Junior Kennedy Boston knew her race was a big part of her identity when she was applying to colleges. At Elon University and other predominantly white institutions, Boston was acutely aware of how race would appear on her applications.
“I knew that they would look at my application and be like, ‘Oh, she's Black,’” Boston said. “That would be a standout piece of my own application. And inherently, that would change views, or maybe not, but it would at least play some level of consideration in how I was viewed in the admissions process.”
Race-conscious admissions have long been used in higher education as a form of affirmative action — policies or practices used to include minority groups in areas where they have been historically underrepresented. But it is not without controversy. Race-conscious admissions have been challenged many times over the years, going all the way to the Supreme Court on multiple occasions. Now, Students for Fair Admissions, a conservative advocacy group, is taking two universities to the country's highest court in an attempt to end race-conscious admissions altogether.
Elon Law professor and alumna Tiffany Atkins, who teaches Race Law to second and third year law students, said past challenges — such as University of California Regents v. Bakke, Grutter v. Bollinger and Fisher v. University of Texas — have resulted in Supreme Court precedents that tell higher education institutions in what capacity they can consider race in admissions.
“We know that you can't just use race to fill a quota. You can't say, ‘We need 20 Black students, go find me any 20,’” Atkins said. “The court said that's inefficient, that's unconstitutional. But the use of race as a factor in admissions and schools, depending on their history — their own history with racial exclusion — can modify that to an extent.”
SFFA filed two similar suits against Harvard College and the University of North Carolina Chapel Hill in 2014. Both cases came up through the court appeals system until 2021, when the Supreme Court agreed to hear them in their next term.
Part of SFFA’s argument relies on the precedent from the 2003 case Grutter v. Bollinger. In Grutter, the court held that the University of Michigan Law School could use race as a soft positive factor in their admissions process — setting the precedent that race-conscious admissions are constitutional when race is just one factor in a process that gives individualized consideration to each applicant.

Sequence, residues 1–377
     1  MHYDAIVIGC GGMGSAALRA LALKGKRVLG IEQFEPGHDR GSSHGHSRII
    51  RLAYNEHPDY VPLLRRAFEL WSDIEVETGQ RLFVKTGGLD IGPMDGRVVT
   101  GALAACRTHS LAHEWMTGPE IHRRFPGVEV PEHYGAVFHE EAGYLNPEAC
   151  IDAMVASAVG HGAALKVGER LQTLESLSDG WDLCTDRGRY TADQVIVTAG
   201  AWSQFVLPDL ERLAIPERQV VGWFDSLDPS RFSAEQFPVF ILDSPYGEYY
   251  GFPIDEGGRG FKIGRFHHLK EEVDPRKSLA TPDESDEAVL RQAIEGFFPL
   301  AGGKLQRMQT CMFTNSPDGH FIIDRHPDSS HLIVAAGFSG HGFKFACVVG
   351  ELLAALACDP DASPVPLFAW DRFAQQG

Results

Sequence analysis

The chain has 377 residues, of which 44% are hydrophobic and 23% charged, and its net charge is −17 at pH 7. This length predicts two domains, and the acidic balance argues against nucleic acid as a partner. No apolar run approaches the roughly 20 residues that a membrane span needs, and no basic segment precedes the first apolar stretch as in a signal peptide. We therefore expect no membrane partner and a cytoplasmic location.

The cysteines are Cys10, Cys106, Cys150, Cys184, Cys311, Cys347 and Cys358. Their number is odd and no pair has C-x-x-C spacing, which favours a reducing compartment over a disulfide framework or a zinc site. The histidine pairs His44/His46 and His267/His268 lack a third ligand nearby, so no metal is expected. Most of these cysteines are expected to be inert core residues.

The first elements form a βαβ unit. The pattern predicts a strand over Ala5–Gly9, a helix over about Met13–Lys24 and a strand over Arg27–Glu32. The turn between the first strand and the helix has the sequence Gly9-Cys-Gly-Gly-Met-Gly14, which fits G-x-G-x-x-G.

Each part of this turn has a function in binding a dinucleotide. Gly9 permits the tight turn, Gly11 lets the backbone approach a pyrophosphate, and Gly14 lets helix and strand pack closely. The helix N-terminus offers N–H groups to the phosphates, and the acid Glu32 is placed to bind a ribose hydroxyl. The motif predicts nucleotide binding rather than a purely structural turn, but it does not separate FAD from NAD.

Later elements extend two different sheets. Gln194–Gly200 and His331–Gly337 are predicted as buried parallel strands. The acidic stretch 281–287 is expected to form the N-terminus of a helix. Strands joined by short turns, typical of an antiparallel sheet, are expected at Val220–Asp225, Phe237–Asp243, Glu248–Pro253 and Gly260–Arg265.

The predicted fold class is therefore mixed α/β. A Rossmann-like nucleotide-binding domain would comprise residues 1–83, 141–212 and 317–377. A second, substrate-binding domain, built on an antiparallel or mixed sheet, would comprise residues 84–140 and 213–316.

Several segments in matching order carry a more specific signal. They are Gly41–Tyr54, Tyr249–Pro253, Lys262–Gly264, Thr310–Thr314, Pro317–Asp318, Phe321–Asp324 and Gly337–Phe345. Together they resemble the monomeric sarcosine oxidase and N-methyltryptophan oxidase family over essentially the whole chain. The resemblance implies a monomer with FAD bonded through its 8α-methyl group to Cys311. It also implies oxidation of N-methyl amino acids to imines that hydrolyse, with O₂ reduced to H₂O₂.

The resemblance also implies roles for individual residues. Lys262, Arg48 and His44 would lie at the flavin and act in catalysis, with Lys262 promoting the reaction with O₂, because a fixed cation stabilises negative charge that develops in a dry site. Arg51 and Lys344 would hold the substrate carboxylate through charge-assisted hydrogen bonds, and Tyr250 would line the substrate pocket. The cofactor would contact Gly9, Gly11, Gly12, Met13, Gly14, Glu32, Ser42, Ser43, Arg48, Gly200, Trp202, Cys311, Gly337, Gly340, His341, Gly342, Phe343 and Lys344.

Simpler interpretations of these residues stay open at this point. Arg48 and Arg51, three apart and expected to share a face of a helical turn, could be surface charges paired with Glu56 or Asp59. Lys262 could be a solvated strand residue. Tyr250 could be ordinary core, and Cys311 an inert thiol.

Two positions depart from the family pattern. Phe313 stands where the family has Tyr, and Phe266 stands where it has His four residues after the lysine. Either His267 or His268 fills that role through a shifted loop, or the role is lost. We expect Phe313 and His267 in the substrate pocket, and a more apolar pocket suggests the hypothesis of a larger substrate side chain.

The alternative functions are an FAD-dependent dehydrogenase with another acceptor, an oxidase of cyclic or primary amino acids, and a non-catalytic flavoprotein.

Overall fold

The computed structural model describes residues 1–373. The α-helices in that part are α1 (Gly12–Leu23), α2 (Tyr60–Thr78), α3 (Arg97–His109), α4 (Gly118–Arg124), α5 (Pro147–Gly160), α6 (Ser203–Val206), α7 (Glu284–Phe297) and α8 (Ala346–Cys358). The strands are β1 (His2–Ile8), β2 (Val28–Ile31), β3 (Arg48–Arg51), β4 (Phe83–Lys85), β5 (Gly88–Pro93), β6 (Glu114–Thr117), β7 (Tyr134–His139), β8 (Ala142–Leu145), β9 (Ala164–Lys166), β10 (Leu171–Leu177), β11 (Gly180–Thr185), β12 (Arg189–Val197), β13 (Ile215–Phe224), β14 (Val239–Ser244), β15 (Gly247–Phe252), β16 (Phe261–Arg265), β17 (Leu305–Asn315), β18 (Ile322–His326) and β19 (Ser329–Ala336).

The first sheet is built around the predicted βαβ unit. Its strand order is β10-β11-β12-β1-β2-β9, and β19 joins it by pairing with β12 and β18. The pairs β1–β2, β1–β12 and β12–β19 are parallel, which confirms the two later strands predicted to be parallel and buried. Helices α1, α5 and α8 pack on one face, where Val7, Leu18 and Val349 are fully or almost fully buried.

The two current cases are arguing that the Supreme Court should overturn Grutter and rule that higher education institutions cannot consider an applicant’s race at all in their admissions processes.
Grutter established a “race plus” admissions model; a university can say race is a soft positive, or a “plus,” on an application, but race cannot be the reason the applicant gets in.
Atkins said she thinks when schools acknowledge a lack of representation in themselves, the “race plus” model is the best way to conduct race-conscious admissions.
“If a school knows that it has a history of excluding black students, other students of color, so they prioritize inclusion of those groups, I think that that's fair,” Atkins said. “And the Supreme Court tells us that you can do that.”
But SFFA is arguing that not even a “race plus” model should be used.
The group’s case against Harvard College focuses on a version of a “plus” model that Harvard’s admissions uses. When reviewing applications, Harvard gave positive or negative weight to subjective personality factors. Looking at individual applications, SFFA said Harvard’s admissions officers gave Asian American applicants negative personality factors that offset their academic records. SFFA alleged that doing so allowed them to impose a soft racial quota to limit the amount of Asian Americans they admit. From this, SFFA is arguing that a race blind admissions process would be more fair.
At Elon, race is one of a variety of factors considered in an applicant’s profile, according to Greg Zaiser, vice president of enrollment, and Kimberly Romero, assistant director of admissions for diversity and access. They said the Elon admissions office is intentional with its diversity recruitment efforts.
“Per our university values and the Boldly Elon strategic plan, we seek to build a class of students from different backgrounds, perspectives and areas of the world,” Zaiser and Romero wrote to Elon News Network. “The most important factor in admissions is a demonstrated ability to be successful in the Elon classroom as evidenced by the high school record.”